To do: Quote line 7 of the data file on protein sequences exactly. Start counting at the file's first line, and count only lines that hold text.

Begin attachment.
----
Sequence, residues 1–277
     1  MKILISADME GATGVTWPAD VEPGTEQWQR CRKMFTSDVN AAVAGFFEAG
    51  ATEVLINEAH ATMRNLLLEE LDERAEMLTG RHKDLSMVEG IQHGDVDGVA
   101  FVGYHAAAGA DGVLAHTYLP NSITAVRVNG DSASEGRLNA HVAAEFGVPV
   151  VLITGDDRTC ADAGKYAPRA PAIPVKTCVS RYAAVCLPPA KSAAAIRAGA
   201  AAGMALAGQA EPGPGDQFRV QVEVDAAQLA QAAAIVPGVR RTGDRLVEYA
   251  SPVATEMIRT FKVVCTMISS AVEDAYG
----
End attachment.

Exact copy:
   251  SPVATEMIRT FKVVCTMISS AVEDAYG